Date of Award

Spring 4-28-2019

Document Type

Honors Project

Degree Name

Bachelor of Arts


Political Science and International Affairs

Department Chair or Program Director

Kramer, John

First Advisor

Cooperman, Rosalyn

Second Advisor

Farnsworth, Stephen

Major or Concentration

Political Science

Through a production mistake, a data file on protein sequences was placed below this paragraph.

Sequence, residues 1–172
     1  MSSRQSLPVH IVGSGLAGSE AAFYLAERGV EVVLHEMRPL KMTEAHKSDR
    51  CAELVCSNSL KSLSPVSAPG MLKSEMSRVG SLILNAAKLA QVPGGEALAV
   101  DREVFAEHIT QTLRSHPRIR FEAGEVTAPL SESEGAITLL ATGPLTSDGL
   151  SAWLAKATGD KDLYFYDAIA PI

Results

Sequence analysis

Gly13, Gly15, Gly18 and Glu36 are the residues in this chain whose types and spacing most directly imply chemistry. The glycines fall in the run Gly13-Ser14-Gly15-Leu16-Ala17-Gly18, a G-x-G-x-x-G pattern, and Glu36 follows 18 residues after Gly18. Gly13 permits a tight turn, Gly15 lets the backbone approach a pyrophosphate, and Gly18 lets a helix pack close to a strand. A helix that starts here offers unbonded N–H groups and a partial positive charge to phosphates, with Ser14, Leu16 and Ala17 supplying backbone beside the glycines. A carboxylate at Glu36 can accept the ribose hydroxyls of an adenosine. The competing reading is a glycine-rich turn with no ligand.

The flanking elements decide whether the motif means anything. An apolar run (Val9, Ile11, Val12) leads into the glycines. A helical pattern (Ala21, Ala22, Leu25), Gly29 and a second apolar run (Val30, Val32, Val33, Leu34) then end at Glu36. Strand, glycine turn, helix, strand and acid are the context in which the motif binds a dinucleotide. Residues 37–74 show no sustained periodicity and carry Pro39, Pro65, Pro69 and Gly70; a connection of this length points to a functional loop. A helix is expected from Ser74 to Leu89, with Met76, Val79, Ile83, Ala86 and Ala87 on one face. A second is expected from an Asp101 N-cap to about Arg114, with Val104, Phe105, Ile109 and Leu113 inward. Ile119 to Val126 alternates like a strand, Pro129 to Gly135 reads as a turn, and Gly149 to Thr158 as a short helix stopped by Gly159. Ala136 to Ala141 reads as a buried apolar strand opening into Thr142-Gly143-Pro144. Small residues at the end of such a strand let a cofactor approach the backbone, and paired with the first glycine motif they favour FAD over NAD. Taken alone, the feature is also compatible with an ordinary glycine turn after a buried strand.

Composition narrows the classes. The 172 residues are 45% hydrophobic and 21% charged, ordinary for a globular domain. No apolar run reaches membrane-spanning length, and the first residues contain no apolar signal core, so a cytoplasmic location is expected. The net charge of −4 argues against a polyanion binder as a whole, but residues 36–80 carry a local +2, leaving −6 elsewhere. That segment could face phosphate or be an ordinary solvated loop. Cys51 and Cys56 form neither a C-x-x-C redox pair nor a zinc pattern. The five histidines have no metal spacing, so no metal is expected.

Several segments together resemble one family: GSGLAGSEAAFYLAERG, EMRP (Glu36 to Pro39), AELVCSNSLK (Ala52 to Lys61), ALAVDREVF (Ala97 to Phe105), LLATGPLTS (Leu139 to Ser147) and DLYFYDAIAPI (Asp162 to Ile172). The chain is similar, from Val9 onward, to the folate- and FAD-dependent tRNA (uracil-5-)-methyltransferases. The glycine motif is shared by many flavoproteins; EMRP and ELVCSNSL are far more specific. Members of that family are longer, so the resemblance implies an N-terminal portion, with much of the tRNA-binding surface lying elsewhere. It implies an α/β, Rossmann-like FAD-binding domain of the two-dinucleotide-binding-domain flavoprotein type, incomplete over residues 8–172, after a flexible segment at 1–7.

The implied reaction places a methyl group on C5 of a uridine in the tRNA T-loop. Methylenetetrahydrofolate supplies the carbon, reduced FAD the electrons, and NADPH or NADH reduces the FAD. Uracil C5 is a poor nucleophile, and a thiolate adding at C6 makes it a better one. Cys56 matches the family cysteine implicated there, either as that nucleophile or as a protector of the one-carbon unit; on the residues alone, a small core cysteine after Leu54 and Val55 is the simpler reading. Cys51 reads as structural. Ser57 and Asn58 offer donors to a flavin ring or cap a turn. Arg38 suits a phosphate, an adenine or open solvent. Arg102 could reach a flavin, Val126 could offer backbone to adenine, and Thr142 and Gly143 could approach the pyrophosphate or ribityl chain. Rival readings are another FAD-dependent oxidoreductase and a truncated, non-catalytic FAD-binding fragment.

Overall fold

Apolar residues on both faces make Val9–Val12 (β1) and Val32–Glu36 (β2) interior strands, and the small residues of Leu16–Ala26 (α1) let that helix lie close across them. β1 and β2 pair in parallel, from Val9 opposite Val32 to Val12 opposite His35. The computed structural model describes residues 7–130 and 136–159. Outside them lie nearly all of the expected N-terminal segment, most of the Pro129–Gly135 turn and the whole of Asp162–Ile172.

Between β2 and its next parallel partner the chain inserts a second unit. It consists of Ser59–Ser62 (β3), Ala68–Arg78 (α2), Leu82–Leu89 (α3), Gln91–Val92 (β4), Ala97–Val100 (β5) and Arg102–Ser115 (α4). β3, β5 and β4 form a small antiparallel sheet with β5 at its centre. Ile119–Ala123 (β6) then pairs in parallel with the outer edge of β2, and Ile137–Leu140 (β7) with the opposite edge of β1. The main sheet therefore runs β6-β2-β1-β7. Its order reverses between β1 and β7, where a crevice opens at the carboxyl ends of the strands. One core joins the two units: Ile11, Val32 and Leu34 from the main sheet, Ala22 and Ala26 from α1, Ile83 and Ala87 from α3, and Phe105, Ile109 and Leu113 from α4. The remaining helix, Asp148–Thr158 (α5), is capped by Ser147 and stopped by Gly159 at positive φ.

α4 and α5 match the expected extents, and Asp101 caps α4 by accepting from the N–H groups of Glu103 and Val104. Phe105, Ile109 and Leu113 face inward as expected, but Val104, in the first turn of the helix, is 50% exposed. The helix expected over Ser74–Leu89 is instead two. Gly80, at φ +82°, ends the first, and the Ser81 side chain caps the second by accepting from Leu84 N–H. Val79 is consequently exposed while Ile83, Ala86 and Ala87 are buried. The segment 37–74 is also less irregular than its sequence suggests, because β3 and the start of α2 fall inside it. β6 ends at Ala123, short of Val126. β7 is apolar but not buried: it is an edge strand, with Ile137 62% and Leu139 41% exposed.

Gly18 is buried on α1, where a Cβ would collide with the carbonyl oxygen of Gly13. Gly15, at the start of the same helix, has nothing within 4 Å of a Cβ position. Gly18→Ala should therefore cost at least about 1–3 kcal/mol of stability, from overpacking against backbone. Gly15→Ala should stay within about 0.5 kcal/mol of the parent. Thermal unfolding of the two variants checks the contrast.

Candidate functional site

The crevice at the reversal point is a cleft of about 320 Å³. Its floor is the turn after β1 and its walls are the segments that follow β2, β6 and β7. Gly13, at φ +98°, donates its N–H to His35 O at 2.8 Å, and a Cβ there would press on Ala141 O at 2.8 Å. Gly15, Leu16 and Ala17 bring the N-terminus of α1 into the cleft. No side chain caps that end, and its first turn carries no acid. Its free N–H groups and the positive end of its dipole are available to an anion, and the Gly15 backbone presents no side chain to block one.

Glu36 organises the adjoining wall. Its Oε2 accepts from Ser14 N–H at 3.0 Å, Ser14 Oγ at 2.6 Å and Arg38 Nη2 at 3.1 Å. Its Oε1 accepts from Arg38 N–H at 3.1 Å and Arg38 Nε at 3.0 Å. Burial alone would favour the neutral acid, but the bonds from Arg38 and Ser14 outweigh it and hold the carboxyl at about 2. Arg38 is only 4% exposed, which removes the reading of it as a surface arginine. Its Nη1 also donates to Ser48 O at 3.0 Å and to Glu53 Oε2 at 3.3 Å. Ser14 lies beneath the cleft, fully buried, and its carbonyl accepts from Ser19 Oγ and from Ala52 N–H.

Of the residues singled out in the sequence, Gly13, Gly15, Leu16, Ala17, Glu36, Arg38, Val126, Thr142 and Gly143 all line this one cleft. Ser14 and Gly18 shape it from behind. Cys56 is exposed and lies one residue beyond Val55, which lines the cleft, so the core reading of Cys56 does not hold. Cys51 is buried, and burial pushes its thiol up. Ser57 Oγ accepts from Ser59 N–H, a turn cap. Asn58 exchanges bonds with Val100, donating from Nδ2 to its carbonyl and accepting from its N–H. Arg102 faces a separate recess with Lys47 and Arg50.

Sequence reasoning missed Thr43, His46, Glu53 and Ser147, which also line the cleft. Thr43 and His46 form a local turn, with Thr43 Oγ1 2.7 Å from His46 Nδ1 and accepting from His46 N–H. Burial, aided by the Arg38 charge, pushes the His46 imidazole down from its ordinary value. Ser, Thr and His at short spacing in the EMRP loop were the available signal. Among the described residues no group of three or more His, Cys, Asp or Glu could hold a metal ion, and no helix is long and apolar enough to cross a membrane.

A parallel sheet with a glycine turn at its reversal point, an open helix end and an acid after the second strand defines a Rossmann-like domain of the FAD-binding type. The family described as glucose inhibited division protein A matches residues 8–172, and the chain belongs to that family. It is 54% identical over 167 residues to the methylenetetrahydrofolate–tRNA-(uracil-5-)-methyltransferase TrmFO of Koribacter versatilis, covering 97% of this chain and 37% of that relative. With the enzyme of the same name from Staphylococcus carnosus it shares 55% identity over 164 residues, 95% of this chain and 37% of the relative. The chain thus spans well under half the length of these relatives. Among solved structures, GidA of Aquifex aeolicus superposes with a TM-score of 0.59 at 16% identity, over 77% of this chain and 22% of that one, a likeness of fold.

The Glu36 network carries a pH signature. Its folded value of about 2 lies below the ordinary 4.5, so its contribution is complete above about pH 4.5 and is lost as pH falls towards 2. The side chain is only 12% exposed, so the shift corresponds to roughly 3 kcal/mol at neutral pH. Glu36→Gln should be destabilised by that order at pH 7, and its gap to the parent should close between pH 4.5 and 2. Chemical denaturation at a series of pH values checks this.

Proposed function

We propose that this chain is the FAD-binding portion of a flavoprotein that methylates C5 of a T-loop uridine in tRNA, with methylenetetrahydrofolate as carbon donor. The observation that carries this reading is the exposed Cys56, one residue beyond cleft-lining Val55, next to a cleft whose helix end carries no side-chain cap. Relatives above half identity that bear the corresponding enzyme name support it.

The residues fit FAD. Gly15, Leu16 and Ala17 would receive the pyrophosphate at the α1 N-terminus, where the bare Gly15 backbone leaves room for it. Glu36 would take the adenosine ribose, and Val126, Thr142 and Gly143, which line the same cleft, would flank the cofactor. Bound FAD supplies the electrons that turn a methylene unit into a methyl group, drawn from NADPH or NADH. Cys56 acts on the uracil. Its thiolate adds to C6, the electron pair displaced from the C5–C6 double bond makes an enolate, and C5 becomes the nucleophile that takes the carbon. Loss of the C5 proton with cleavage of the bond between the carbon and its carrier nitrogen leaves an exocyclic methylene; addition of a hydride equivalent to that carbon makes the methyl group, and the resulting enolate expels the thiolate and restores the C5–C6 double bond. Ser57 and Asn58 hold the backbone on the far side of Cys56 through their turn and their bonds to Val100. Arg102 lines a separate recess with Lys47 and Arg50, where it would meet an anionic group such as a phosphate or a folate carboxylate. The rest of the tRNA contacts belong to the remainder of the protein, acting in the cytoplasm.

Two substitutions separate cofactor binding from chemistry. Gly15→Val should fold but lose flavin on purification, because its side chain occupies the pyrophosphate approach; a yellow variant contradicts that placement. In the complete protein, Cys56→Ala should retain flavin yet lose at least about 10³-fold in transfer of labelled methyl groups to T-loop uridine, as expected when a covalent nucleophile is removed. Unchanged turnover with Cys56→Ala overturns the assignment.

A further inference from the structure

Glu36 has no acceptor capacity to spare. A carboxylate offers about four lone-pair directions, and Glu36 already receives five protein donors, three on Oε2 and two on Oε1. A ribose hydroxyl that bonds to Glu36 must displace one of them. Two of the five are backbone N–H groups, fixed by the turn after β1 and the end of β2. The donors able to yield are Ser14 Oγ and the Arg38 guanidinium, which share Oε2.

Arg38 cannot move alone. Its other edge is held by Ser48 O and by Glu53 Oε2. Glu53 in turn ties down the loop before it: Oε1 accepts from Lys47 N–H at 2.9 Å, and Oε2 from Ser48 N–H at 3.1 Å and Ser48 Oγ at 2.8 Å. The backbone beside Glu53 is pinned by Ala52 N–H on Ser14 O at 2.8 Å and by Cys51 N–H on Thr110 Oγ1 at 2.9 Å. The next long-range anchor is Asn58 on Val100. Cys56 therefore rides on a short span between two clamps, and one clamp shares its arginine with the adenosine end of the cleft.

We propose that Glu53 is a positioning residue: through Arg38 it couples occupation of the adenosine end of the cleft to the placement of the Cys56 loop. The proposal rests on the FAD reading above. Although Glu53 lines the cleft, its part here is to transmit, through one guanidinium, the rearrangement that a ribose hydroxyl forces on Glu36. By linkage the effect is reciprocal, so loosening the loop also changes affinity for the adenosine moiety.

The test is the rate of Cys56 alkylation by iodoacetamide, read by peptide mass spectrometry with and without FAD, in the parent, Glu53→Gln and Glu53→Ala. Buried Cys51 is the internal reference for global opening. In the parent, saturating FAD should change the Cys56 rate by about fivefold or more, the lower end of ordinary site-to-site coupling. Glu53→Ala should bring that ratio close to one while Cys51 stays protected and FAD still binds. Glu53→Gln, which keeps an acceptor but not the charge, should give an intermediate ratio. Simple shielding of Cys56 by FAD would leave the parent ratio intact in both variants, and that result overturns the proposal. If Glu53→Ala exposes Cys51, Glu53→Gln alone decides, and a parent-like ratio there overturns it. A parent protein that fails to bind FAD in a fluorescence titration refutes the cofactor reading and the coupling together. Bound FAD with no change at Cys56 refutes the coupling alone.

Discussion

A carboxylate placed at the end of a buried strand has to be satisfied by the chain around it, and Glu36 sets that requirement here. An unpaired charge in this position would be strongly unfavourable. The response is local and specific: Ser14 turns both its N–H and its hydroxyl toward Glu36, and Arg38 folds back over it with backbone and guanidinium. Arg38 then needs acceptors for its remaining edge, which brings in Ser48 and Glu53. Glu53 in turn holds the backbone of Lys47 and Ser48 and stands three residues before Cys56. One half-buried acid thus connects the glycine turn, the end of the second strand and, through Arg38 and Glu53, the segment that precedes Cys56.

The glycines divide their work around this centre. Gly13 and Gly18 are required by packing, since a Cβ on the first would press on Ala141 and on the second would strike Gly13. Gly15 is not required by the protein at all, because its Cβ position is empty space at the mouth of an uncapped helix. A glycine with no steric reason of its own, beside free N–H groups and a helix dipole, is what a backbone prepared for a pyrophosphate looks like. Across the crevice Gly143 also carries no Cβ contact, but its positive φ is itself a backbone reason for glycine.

In this essay, I discuss the costs and benefits to state-led changes to the Patient Protection and Affordable Care Act (ACA). I begin by offering background surrounding the creation of the ACA and the goals President Obama and Democratic lawmakers hoped it would accomplish. Then, I discuss Medicaid waivers as a primer due to the relative recentness of the ACA waivers. Following that discussion, I examine three case studies of states that have attempted to or have successfully made changes to the ACA. Based on the case studies and the frequent conservative tilt of Medicaid waivers, I find that federalist approaches to the ACA are more likely to undermine the ACA than they are to strengthen it. Although waivers were included in federal legislation as a non-partisan vehicle to allow states to be laboratories for innovation, the large role the President plays in approving or denying waivers and creating the regulations surrounding waivers puts state innovation at the mercy of whoever occupies the Oval Office.